Of the world's 100-plus species of poppies (Papaver spp.), only a few are garden subjects. They generally have flamboyant flowers with crinkly, thin petals and intense colors. In the center of the flower, a rounded ovary is surrounded by a ring of stamens. Petals often have dark blotches at the base. Most garden poppies aren't poisonous to humans, but the opium poppy (Papaver somniferum), which is illegal to grow in the U.S., can cause human poisoning if eaten.
Opium Poppy Poisoning
The opium poppy (Papaver somniferum) is native to Eurasia and grows worldwide as an annual plant. It is famous as the source of the addictive narcotics opium and morphine. Toxic alkaloid compounds have the highest concentration in the milky sap present in all parts of the plant, especially in the unripe fruits. The North Carolina State University Cooperative Extension Service characterizes opium poppy as highly toxic, and it may be fatal if eaten. Symptoms are stupor, coma, shallow and slow breathing, respiratory and circulatory depression. Poppy seeds don't contain any harmful compounds and are edible. The organization Calflora lists minor toxicity from dermatitis for opium poppy.
Iceland Poppy Effects
The widely grown ornamental Iceland poppy (Papaver nudicaule) also contains alkaloid compounds in all parts of the plant. They are different chemicals from those in opium poppy, and they don't seem to harm humans. However, livestock can be affected. When horses, cattle and sheep ate discarded Iceland poppy plants, they were poisoned, notes the Canadian Biodiversity Information Facility. Iceland poppies prefer areas with cool summers, where they are perennials. In U.S. Department of Agriculture plant hardiness zones 6 and above with warmer weather, they act as annuals or biennials.
Flanders Poppy Effects
Native to Europe, Flanders poppy (Papaver rhoeas) is also called corn poppy or field poppy, and is the symbol for remembrance on Memorial Day. This annual is a wildflower and a weed in its native range. The "Shirley" cultivar of the European field poppy (Papaver rhoeas "Shirley") is a multi-colored garden cultivar. This poppy also causes livestock poisoning if eaten in large quantities due to various alkaloids present in all plant parts. Human poisoning is unlikely. Plant leaves, stems and sepals have long hairs, which can cause human dermatitis.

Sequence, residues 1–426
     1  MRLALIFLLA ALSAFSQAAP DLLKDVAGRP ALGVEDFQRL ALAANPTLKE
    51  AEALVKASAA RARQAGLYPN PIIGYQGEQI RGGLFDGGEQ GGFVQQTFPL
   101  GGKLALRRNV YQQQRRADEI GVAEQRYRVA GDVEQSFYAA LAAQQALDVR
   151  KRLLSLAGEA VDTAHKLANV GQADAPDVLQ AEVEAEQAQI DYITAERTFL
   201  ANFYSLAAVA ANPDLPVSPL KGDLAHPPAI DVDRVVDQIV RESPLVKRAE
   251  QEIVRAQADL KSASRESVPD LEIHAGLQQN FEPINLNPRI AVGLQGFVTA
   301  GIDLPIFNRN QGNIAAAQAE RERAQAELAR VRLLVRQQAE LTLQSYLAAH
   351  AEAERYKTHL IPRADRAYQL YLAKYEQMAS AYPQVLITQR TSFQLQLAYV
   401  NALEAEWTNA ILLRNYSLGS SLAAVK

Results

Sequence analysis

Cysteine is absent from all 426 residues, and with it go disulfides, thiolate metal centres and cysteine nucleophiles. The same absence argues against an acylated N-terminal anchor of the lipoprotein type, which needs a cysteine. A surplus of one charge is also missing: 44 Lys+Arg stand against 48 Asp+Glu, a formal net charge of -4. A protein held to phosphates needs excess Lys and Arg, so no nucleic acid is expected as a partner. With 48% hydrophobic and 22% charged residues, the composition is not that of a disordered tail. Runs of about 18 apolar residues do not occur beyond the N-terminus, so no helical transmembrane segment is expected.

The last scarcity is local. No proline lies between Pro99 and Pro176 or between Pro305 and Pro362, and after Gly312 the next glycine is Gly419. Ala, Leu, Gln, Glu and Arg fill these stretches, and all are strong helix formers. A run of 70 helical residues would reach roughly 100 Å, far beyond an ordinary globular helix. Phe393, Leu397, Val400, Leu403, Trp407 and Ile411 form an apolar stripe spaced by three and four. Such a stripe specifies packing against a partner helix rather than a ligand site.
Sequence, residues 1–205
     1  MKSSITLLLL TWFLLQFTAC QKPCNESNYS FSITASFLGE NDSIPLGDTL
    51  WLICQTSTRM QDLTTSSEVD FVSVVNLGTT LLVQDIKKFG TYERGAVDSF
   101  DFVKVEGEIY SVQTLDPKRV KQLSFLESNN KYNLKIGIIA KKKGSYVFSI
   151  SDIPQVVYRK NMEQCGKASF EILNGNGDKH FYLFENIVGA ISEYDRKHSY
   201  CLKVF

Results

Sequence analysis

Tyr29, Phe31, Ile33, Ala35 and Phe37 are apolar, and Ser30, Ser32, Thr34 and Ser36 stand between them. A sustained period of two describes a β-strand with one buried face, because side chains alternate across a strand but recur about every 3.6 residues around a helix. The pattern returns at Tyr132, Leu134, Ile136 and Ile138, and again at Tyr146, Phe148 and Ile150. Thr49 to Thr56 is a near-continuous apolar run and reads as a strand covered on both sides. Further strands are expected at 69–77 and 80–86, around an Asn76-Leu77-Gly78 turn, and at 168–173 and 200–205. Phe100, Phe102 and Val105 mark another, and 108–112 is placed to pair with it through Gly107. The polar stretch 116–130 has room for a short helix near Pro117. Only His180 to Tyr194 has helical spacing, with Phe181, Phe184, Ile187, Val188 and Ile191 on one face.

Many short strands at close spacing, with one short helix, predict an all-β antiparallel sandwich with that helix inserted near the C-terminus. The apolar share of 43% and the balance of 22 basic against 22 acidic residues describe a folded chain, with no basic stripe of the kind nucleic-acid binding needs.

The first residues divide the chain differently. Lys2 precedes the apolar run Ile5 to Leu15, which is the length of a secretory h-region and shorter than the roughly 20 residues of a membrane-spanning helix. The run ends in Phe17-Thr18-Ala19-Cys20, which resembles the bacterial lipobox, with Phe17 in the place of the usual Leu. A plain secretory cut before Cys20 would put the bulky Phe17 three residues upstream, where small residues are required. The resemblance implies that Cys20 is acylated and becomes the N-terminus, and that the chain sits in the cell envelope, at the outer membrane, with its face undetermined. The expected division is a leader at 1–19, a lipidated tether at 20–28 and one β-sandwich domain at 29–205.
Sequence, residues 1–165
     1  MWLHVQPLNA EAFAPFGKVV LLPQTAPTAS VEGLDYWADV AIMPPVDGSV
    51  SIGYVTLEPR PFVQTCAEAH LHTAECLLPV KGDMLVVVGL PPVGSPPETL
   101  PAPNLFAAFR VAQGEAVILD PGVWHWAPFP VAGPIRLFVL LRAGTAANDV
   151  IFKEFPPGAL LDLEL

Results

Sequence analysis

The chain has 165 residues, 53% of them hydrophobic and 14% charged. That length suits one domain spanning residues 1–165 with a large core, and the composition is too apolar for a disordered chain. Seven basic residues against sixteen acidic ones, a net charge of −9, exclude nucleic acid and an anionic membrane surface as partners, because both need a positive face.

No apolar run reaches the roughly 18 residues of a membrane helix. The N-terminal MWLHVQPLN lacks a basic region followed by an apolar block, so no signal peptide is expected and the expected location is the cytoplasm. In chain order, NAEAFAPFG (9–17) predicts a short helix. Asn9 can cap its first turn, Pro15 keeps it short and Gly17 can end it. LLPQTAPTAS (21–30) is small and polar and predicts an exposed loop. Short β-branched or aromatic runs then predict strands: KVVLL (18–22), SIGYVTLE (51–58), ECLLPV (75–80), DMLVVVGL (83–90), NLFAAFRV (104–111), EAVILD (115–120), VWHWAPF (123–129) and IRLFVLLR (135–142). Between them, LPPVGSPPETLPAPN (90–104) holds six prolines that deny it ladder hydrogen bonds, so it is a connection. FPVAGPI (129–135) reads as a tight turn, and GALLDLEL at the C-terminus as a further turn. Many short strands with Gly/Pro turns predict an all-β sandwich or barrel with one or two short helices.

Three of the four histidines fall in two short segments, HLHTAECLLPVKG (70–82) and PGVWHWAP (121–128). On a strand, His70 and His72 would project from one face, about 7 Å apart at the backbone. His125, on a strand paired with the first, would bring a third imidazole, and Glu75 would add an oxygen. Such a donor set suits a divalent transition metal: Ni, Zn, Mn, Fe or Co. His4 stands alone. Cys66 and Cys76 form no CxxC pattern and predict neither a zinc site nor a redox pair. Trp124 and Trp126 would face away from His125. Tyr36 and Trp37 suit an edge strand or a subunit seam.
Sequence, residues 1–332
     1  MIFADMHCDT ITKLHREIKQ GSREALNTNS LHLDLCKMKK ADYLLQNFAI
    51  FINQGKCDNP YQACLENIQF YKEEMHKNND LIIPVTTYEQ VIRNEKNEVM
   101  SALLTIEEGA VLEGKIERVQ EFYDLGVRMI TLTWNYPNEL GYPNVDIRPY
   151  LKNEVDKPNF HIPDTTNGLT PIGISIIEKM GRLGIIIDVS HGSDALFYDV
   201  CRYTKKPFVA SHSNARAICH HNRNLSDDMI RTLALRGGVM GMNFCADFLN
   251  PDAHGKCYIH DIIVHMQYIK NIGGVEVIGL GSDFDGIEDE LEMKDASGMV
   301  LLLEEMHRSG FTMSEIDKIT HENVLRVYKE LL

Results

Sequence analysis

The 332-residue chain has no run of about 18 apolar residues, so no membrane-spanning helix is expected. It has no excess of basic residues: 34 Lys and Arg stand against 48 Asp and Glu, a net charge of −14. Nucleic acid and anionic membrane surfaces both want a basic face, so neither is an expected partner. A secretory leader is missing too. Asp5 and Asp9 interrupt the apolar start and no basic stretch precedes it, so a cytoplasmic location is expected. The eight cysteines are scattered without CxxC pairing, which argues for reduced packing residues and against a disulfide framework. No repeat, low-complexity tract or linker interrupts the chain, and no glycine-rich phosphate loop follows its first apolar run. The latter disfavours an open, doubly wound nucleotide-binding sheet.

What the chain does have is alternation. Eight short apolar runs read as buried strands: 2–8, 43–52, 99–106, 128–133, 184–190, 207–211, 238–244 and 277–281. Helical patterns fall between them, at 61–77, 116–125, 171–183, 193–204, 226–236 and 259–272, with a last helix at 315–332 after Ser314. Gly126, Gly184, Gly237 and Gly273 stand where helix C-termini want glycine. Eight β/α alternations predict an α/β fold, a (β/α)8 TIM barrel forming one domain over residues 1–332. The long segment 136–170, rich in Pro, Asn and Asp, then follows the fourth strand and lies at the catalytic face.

Oriental Poppy Effects
Reaching 2 to 4 feet tall in bloom, Oriental poppy (Papaver orientale and hybrids) are perennials grown for their large, bowl-shaped, white, pink, red, scarlet or orange flowers. They require winter chilling for best growth and are recommended for USDA zones 2 through 8. They may grow in warmer areas but only last a year or two. The Canadian government comments that Oriental poppy contains alkaloids that can be physiologically active in animals, but that no poisonings under natural conditions occurred. They recommend removing all old plant parts from gardens so animals don't eat them.
- Handbook of Herbs and Spices, Vol. 1; K. V. Peter, ed.
- North Carolina State University Cooperative Extension Service: Poisonous Plants of North Carolina: Papaver Somniferum Opium Poppy, Common Poppy
- Calflora: Taxon Report 6058: Papaver Somniferum L.
- Government of Canada: Notes on Poisoning: Papaver Nudicaule
- The Perennial Care Manual; Nancy J. Ondra
- Kew Royal Botanic Gardens: Papaver Rhoeas (Common Poppy)
- Calflora: Taxon Report 6057: Papaver Rhoeas L.
- Government of Canada: Notes on Poisoning: Oriental Poppy
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